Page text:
Animal cruelty and welfare laws are enforced by the Police and Local Authority animal welfare inspectors and SSPCA Inspectors. The SSPCA are designated as a ‘Specialist Reporting Agency’, with similar powers to the police unlike in England. They report the facts of a case of cruelty to the Crown Office and Procurator Fiscal Service (the equivalent of the Crown Prosecution Service in England) who decide whether the evidence warrants a prosecution and is in the ‘public interest’.

Scottish SPCA 03000 999 999


Local Authority Animal Welfare Department


Police Tel: 101

Depending on the circumstances of the case an inspector might:

  • persuade or educate the person responsible for the animal to look after the animal properly
  • give them a care notice – stating what the person is failing to do and giving them a period of time to take action to improve the animal’s welfare. If they don’t follow a care notice properly they’re likely to be charged with an offence and prosecuted.
  • start criminal prosecution proceedings by reporting the case to the Procurator Fiscal

Penalties that can be imposed on offenders:

Serious neglect or cruelty, animal fighting or serious crimes to wildlife: up to 5 years imprisonment and unlimited fines.

Other penalties include fixed notice fines for failing in owner’s duty of care or abandonment and other less serious crimes.

The judge can also impose a Deprivation Order which removes the animal from the owners’ care or a Disqualification Order which stops the owner from owning or working  with animals for a specific period. They may also be added to an animal cruelty data base.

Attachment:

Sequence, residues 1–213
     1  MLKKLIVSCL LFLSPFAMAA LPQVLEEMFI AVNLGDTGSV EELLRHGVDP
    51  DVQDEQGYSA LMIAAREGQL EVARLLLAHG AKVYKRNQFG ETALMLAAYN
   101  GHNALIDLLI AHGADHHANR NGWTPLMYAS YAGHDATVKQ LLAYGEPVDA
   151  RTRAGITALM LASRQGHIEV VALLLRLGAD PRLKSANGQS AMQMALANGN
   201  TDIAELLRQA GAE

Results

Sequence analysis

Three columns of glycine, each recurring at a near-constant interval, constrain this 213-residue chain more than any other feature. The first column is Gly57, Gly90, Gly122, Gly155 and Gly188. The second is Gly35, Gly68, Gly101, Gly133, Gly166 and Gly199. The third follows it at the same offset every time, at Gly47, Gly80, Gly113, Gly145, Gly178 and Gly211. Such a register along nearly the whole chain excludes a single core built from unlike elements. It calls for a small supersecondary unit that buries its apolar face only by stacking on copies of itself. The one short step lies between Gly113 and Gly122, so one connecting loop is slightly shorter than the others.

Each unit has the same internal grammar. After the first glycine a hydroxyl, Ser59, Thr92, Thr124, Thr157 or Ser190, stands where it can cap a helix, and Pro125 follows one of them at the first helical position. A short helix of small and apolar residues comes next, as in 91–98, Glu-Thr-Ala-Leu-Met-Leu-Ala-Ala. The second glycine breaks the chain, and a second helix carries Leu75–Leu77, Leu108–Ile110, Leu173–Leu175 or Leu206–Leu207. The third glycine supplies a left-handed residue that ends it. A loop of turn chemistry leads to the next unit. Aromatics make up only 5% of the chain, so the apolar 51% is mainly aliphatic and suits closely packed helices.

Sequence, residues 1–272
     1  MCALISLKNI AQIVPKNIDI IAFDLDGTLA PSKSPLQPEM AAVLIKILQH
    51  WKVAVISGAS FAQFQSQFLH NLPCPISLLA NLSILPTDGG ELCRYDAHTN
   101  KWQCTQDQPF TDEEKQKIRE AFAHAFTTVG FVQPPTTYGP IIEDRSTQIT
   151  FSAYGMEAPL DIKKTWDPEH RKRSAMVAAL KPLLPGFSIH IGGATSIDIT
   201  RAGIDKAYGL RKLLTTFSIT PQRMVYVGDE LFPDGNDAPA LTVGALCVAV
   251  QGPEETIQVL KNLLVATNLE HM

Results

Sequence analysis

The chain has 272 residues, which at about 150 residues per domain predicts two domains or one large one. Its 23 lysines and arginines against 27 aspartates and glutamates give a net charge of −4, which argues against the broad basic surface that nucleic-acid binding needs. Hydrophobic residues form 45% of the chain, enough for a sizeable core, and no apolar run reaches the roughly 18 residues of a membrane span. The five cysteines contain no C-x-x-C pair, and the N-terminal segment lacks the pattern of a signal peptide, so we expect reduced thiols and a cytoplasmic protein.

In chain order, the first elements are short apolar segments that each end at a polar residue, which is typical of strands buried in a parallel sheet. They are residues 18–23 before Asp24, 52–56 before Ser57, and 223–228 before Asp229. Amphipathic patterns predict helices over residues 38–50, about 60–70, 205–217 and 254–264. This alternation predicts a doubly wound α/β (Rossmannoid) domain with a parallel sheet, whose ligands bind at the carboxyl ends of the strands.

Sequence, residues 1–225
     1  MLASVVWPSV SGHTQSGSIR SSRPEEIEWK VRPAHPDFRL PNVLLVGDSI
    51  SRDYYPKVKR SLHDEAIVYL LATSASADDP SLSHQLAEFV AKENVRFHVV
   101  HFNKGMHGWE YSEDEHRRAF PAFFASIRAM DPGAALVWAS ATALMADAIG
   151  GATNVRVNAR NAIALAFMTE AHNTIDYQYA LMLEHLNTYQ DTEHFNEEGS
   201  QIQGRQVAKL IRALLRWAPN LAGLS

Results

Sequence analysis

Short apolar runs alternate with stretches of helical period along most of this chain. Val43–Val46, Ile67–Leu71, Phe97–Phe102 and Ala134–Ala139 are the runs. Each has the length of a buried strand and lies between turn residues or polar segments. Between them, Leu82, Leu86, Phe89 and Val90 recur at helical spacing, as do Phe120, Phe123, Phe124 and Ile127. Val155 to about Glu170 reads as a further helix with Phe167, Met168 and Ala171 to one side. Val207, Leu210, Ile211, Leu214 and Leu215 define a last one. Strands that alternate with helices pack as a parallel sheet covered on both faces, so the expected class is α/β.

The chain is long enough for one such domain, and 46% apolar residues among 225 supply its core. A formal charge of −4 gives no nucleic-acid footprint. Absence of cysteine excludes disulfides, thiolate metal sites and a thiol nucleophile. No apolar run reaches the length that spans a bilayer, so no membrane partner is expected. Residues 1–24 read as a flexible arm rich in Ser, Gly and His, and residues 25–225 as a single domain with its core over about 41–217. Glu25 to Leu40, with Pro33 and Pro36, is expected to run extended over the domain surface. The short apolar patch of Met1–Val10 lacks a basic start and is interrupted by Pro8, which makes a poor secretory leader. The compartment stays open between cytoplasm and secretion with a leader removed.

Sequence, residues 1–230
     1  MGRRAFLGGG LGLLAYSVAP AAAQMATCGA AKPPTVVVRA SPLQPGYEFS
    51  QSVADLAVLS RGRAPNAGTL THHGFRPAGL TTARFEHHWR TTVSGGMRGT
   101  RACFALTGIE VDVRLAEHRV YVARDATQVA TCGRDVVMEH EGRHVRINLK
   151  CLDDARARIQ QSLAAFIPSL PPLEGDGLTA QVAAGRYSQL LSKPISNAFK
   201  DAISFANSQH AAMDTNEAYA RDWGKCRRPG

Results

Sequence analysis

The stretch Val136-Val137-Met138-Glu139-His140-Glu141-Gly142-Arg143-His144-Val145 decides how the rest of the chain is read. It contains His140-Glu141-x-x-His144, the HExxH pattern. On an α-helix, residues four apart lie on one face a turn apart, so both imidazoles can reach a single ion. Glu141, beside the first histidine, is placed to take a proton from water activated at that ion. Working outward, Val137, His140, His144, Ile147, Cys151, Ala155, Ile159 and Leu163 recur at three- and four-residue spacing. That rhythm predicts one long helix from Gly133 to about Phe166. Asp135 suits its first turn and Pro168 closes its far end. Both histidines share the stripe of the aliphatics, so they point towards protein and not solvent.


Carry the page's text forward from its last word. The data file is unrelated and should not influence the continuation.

Northern Ireland

Local Authority Animal Welfare officers under the Welfare of Animals (Northern Ireland) Act 2011 are responsible for investigation cruelty to companion animals. They work on a regional basis and basically work office hours with an out of hours contact number.

Report cruelty to companion animals

  • Belfast City Council 028-90270431
  • Eastern Region 028 90494567
  • Northern Region    028 25633134
  • Southern Region    028 37515800
  • Western Area    028 82256226

For welfare of Farm Animals & Pet Shops

Department of Agriculture (DARD) 0300 200 7840 office hours. Out of hours police or local vet.

Wildlife crime.

Police Tel: 101 or 999 in an emergency

The USPCA does not get involved in prosecutions but campaigns against major issues like puppy farming, dog fighting and tame deer hunts.

USPCA 028 3025 1000

reporting animal cruelty in the UK

More on Wildlife Crime

There are no other charities which take regular prosecutions under animal welfare and protection laws, but it is worth reporting incidents of wildlife crime to these:

The League against Cruel Sports

The charity has a useful online and telephone contact to help you report wildlife cruelty such as illegal hunting anonymously.

Animal Crimewatch 01483361108 or online Animal Crimewatch Report

Royal Society for Protection of birds (RSPB)